U4 predominated among hunter-gatherers in Central and northern Europe

Discussion of the first Europeans at Buildinghistory.org. U4 along with U5 found in hunter gather dig sites.

 U5 has been identified as one of the oldest European mtDNA haplogroups. It has actually been found in Mesolithic DNA. Cheddar Man lived about 7,000 BC near Cheddar, England. MtDNA was extracted from a tooth of his by Bryan Sykes, and found to be haplogroup U5.

   A wider study found that U5 and U4 predominated among hunter-gatherers in Central and northern Europe. The oldest sampled lived about 13,400 BC at Hohler Fels, in Germany. They carried mtDNA U*. These were early adventurers north, before the last cold attack. U4, U5a, U5a1, U5b1, and U5b2 were found among later hunter-gatherers in Germany, Lithuania, Poland and Russia. At two late Mesolithic sites, where people were determindly clinging to the forager way of life as farming spread across the land, U5, U5a were still present along with the related haplogroup K. Mixed with it though at Ostorf in Germany were signs of contact with farming neighbours: mtDNA J and T2e.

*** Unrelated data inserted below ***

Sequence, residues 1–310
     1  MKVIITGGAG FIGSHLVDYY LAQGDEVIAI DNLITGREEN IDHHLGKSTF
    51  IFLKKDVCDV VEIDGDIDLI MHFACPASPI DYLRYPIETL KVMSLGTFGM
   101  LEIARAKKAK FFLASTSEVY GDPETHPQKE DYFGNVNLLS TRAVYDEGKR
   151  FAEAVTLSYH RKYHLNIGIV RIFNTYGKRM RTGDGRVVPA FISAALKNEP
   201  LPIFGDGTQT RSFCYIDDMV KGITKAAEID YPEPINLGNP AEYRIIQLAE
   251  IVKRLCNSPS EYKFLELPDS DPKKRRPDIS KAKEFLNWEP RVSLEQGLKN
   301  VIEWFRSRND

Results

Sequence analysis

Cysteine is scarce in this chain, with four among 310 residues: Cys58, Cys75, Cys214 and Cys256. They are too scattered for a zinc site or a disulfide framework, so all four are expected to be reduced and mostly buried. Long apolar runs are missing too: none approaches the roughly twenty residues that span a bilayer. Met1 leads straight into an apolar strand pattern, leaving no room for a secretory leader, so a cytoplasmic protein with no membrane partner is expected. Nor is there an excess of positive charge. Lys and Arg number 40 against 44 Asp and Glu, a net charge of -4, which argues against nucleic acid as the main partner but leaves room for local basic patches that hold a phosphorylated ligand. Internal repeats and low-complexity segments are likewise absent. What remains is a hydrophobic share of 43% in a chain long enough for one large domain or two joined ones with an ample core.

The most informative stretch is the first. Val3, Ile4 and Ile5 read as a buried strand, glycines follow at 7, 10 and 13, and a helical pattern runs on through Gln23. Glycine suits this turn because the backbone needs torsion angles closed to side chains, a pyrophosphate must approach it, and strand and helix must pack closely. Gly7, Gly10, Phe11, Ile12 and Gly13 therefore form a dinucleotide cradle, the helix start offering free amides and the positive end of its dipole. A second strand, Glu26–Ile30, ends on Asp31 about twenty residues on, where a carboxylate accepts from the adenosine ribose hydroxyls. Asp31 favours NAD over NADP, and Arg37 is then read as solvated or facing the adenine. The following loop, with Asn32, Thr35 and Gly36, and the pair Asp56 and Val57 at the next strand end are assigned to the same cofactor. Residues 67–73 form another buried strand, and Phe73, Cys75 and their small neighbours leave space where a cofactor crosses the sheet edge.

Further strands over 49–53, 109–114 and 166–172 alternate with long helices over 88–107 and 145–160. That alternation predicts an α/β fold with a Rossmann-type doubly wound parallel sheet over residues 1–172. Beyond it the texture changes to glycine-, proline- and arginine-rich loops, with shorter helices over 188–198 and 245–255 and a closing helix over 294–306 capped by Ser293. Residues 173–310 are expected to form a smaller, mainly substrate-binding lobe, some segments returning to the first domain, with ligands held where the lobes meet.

Today mtDNA haplogroup U5 is widely spread over Europe, though comparatively thinly outside the far north - at a level of about 7% of the population. Some rarer mtDNA subgroups of U also arose long before the last glacial, while others such as V and H were born as the ice gradually eased its grip. So we can picture a handful of women with these haplogroups, who sought refuge from a worsening climate in southern Europe and had daughters, who had daughters and so on, until finally their descendants were released from their climatic captivity and spread out across Europe.